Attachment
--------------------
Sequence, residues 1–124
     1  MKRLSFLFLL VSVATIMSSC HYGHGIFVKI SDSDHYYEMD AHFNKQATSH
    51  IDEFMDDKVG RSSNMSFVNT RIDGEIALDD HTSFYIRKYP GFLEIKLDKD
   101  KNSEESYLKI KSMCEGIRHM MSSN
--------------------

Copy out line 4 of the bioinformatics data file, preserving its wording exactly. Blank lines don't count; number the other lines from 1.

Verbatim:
   101  KNSEESYLKI KSMCEGIRHM MSSN